- The Washington Times - Tuesday, January 22, 2002

The United States is trying to plug potentially disastrous security gaps in the nation's seaports, but analysts say current proposals are likely to hurt global trade and frustrate friends and foes alike.
Each year, the United States receives some $750 billion worth of cargo representing one-fifth of the U.S. economy at 360 seaports along its coasts and on the shores of the Great Lakes.
Most of the freight arrives on container ships that carry some 6 million cargo containers annually. The contents of those steel containers are rarely inspected.
The containers weigh up to 20 tons and could conceal a tremendous range of goods, including explosives, guns, noxious chemicals and other weapons of mass destruction. Yet because there is so much cargo and the information about it is so vague, security specialists agree there is no practical way to ensure the imports aren't terrorist tools.
To solve the dilemma, Adm. James Loy, commandant of the U.S. Coast Guard, prominent members of Congress and others are pushing efforts to require cargo destined for the United States to be inspected, sealed in tamper-proof containers and certified as safe before shipment. Otherwise, the United States would refuse delivery and turn away freighters bearing suspicious cargo.
Sen. Ernest Hollings, South Carolina Democrat, and Sen. Bob Graham, Florida Democrat, have presented a bill that would impose such requirements.
But rejecting imports and turning back ships hauling between 4,000 and 6,000 containers each could create financial havoc here and elsewhere. It would almost certainly rankle governments already stung by the added costs of meeting new U.S. security demands.
"What is at stake is not just the opportunity for a terrorist who wants to launch another catastrophic terrorist attack on U.S. soil. But, to a considerable extent, the fate of global trade also rests in the balance," says Stephen Flynn, a senior fellow at the Council on Foreign Relations.
"If U.S. authorities find themselves having to turn off the maritime-container-trade spigot, we will have effectively self-imposed a blockade on our own economy," Mr. Flynn testified last month to the Senate Government Affairs Committee.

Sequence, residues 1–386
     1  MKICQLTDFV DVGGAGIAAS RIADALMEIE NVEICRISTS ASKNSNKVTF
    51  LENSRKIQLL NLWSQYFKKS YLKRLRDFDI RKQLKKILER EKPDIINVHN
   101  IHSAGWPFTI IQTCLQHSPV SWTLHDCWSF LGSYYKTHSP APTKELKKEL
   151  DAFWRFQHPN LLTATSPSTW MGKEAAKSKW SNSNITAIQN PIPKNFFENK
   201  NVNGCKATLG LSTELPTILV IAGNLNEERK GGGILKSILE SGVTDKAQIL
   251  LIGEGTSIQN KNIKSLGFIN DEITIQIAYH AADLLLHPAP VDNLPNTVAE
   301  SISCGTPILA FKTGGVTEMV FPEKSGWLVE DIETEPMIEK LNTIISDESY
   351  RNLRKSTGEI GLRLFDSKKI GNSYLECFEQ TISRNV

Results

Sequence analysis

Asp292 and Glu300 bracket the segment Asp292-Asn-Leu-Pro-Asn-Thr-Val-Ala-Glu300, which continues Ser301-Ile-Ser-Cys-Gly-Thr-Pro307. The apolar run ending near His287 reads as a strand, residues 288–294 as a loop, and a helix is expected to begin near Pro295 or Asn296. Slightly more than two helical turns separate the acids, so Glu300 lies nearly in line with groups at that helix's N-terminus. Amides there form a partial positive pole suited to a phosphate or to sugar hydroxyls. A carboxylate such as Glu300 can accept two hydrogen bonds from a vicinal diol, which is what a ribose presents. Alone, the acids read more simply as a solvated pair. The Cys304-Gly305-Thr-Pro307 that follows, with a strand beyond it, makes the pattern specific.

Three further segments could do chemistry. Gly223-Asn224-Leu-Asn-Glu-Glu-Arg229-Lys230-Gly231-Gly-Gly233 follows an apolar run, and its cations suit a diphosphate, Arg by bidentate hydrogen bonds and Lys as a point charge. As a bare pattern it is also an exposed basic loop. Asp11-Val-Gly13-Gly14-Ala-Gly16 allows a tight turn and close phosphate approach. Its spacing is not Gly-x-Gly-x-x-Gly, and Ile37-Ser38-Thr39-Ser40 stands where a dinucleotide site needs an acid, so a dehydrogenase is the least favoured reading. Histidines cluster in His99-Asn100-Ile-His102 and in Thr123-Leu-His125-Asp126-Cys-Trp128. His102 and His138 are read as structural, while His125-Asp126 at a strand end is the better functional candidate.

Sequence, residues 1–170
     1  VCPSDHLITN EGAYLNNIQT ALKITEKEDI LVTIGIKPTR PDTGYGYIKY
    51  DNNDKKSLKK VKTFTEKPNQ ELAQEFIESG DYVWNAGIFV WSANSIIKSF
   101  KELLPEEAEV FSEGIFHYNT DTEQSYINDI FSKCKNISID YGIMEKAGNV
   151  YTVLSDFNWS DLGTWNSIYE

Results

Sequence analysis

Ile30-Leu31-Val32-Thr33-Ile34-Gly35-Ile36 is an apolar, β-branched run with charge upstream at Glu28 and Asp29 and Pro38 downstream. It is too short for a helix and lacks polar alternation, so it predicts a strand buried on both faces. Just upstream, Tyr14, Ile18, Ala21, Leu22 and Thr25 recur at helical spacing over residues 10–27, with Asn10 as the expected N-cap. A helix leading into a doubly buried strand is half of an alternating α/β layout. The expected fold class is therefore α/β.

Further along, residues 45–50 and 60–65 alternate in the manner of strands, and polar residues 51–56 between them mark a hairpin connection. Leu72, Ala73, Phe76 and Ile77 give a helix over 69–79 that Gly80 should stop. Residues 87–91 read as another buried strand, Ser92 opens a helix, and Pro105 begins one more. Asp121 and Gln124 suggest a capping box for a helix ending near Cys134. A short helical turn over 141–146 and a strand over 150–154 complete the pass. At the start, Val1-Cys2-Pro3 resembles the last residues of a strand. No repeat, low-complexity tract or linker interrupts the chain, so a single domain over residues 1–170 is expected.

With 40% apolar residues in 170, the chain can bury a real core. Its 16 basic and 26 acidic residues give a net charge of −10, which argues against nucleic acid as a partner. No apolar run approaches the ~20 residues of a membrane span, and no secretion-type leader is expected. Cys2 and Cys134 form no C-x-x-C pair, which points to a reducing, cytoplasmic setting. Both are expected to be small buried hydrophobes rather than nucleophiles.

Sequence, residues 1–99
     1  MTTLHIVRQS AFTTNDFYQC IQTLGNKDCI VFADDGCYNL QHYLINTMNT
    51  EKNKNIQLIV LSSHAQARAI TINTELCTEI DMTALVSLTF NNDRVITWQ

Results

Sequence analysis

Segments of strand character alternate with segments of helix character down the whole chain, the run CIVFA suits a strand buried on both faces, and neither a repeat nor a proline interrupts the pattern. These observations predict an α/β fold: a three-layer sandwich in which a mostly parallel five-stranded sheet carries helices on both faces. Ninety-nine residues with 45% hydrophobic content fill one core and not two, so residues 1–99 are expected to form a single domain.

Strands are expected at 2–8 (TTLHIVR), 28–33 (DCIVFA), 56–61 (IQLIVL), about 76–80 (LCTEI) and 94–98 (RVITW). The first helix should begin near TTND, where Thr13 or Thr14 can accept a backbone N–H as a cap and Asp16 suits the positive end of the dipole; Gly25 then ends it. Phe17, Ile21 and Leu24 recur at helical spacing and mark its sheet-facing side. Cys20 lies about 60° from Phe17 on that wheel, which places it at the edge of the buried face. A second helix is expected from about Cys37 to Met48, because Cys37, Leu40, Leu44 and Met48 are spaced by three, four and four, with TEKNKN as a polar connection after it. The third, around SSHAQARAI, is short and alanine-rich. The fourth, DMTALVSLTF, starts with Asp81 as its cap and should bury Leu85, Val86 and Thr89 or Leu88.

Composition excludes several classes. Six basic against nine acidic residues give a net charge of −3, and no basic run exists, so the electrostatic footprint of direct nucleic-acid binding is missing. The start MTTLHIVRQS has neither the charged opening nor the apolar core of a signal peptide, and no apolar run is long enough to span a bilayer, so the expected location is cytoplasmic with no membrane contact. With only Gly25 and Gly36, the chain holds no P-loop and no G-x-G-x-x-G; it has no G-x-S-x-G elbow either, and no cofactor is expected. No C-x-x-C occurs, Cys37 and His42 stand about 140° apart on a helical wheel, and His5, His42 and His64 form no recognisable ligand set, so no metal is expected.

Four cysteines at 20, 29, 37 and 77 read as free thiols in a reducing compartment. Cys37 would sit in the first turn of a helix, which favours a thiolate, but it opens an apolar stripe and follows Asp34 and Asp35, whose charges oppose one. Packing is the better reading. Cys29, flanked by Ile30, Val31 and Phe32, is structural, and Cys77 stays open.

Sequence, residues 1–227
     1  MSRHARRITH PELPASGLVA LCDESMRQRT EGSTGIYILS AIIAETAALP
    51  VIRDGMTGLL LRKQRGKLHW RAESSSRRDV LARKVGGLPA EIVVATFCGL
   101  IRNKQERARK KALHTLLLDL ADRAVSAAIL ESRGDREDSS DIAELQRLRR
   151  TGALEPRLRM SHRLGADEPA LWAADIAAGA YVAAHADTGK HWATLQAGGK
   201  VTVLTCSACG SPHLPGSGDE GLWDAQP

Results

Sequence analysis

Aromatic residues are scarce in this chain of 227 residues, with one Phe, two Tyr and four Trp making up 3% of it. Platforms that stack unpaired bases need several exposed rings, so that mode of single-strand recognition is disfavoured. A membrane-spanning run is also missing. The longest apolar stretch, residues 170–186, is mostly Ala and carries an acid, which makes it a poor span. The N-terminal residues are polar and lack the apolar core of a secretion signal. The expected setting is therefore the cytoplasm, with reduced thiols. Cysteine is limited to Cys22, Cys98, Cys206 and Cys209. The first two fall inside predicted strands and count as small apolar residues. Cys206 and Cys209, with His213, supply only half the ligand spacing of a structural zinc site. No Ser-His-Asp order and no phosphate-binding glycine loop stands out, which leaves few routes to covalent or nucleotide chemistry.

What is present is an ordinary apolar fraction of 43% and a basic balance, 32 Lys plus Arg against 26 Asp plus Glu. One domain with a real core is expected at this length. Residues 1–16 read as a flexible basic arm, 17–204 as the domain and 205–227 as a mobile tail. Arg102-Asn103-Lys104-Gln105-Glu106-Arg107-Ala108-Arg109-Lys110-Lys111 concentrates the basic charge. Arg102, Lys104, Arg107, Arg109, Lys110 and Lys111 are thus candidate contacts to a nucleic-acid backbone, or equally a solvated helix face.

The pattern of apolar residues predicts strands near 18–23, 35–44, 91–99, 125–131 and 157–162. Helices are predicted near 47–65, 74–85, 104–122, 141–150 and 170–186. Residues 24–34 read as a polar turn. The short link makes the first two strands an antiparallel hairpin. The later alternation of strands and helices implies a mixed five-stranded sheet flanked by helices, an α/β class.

For at least two years, federal officials and private security specialists have been examining seaport security to spot problems and find solutions. Among other things, they have found:
U.S. seaports typically allow free access to docks and often to container storage areas.
Firearms are generally permitted at dockside.
The federal government has no unified plan for monitoring seaport security, although the ports are international gateways similar to the land portals at San Diego, Detroit or Niagara Falls.
The ports receive no federal funding for creating or maintaining basic security systems. And at many ports, even such basic equipment as small boats, cameras and vessel-tracking devices are lacking.
The agencies involved in port operations fail to share information, and they lack the kind of computer communication needed to adequately track vessels and cargo.
Lack of information about incoming vessels and their cargo, plus the freedom to enter ports, would allow ships loaded with explosives, jet fuel or noxious chemicals to ram docks, devastating ports and surrounding areas.
The relaxed policies around U.S. ports help explain the high incidence of cargo theft and other dockside crime. Free access to docks makes it possible for terrorists to retrieve illicit arms and explosives undetected or even to hijack ships.
It's known, for instance, that al Qaeda has shipped arms and bomb-making materials via Osama bin Laden's covertly owned freighters. The materials used to blow up the U.S. embassies in Nairobi, Kenya, and Dar es Salaam, Tanzania, in August 1998 were delivered by one of his ships to the dock of Mombasa, Kenya.